Municipal Permitting Timelines Resume on December 1
Effective December 1, municipal boards must follow the usual permitting deadlines following a COVID-19 statute enacted last week. Towns and cities had been operating under Section 17 of Chapter 53 of the Acts of 2020, which tolled the deadlines for commencing …[ load webpage to read more ]
Important Update – The Impact of Coronavirus on the Construction Industry
Since our post on March 18, a lot has happened from both a health and regulatory standpoint as far as the impact from the outbreak of COVID-19 (“coronavirus”) on local and state construction practice. Here is an update, as of …[ load webpage to read more ]
The Impact of Coronavirus on the Construction Industry
The outbreak of COVID-19 (“coronavirus”) has impacted all industries, including construction. First and foremost, we are in the midst of a public health crisis, and the safety and well-being of all project participants should be top of mind. We are …[ load webpage to read more ]
Executive Order Loosens Open Meeting Law Requirements During Coronavirus Emergency
Governor Baker signed an Executive Order relieving government boards and committees from compliance with certain Open Meeting Law requirements during the novel Coronavirus (COVID-19) emergency. The Order gives public bodies greater leeway to hold closed-door and remote meetings, so that government agencies …[ load webpage to read more ]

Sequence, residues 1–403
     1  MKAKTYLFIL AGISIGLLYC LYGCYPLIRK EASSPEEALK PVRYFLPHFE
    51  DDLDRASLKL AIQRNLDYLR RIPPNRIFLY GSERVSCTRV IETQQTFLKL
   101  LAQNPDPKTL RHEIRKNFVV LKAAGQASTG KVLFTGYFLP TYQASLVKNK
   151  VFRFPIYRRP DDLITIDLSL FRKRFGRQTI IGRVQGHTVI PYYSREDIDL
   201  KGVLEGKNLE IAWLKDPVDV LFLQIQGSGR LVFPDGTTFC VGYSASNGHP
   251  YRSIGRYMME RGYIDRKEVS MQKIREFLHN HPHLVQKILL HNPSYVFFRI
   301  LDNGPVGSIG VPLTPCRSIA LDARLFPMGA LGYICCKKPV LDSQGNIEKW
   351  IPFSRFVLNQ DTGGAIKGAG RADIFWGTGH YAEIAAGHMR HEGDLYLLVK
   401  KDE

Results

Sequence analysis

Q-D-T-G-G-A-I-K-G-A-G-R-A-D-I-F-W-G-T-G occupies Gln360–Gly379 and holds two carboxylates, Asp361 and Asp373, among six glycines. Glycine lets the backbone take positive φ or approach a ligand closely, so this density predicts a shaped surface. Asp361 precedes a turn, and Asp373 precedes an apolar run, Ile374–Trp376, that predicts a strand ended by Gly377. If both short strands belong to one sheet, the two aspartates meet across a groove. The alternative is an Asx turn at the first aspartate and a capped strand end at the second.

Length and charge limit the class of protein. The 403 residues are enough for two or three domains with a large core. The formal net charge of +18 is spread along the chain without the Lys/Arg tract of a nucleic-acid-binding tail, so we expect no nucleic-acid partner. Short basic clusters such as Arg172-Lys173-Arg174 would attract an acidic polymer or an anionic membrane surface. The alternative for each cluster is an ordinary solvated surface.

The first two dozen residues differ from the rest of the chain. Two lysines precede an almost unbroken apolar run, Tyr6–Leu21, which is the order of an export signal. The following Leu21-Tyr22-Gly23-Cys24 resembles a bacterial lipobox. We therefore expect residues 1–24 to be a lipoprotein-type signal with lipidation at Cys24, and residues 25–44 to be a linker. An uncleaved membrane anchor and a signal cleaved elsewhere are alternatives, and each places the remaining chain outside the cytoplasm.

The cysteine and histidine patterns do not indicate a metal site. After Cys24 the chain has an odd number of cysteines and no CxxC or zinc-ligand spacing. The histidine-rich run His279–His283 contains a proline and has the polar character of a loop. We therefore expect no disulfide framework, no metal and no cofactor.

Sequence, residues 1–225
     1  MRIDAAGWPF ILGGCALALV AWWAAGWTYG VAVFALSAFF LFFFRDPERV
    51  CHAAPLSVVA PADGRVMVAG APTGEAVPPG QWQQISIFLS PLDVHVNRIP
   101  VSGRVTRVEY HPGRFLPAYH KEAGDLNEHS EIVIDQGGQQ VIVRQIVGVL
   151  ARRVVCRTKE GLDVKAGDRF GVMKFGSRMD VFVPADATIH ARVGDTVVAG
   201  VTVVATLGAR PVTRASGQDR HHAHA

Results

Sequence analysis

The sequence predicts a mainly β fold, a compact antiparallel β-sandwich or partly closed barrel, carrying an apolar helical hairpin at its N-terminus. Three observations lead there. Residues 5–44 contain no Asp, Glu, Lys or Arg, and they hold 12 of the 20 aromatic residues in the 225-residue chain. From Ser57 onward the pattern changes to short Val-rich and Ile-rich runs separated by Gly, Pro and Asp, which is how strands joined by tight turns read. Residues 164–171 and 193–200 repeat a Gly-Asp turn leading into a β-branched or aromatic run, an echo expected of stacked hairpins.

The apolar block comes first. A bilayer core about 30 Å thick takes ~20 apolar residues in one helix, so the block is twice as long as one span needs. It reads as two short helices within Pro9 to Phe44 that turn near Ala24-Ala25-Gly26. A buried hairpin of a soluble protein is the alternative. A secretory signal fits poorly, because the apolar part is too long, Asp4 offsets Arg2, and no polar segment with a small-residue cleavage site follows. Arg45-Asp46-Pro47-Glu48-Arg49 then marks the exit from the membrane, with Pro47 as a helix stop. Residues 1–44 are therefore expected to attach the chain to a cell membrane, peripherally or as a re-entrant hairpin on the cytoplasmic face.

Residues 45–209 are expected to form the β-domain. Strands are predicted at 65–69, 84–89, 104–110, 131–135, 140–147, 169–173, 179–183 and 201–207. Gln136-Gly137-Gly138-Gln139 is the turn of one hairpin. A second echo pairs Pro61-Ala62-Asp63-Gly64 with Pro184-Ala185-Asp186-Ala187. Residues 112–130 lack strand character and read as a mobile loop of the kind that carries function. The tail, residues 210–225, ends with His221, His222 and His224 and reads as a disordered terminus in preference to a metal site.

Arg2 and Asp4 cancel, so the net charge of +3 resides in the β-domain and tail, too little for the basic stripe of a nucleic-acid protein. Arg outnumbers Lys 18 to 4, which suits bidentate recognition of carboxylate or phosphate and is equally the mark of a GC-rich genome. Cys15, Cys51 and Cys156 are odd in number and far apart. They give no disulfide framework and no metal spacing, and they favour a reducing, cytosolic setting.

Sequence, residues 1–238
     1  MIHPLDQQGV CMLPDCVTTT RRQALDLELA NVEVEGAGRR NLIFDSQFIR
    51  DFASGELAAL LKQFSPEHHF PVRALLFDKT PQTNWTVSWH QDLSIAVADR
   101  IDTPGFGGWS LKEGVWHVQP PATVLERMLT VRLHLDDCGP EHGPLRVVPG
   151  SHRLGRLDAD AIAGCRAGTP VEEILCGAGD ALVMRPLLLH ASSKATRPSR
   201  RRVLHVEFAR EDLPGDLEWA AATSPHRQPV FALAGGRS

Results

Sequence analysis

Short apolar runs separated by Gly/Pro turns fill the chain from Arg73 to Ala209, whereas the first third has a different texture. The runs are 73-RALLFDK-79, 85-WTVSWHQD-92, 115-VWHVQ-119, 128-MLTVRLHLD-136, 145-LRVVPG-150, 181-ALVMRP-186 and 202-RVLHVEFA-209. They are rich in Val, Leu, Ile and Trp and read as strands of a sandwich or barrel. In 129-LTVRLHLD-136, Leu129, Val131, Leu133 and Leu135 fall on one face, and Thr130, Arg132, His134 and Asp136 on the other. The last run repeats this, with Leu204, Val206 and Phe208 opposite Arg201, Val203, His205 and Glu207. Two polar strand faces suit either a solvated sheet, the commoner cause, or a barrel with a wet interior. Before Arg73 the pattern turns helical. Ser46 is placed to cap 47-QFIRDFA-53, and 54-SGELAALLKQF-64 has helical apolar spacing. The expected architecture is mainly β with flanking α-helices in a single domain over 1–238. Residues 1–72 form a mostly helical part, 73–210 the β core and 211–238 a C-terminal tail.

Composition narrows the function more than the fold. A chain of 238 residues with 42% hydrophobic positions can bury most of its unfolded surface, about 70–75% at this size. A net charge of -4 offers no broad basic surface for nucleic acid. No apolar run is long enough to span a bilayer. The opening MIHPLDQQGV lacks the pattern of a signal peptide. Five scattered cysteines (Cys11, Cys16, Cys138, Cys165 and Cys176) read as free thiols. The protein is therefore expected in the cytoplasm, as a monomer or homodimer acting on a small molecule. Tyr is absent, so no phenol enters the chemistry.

SJC Reverses Appeals Court on Standing Requirements Under the Zoning Act – With Record Speed
All zoning conformities are alike, to rephrase Tolstoy’s famous opening line, but each zoning-related injury is injurious in its own way. Such has been the time-honored tenant of Massachusetts law for abutter standing under the Zoning Act. To successfully challenge …[ load webpage to read more ]
PFAS Concerns Mounting for Cities and Towns as MassDEP Proposes Maximum Contaminant Level in Drinking Water
Many of our readers will be aware that on December 27, 2019, the Massachusetts Department of Environmental Protection (MassDEP) proposed a Maximum Contaminant Level (MCL) for PFAS in drinking water of 20 parts per trillion (0.02 ug/L or ppt) for six PFAS …[ load webpage to read more ]
Building the Boroughs: A Year in Review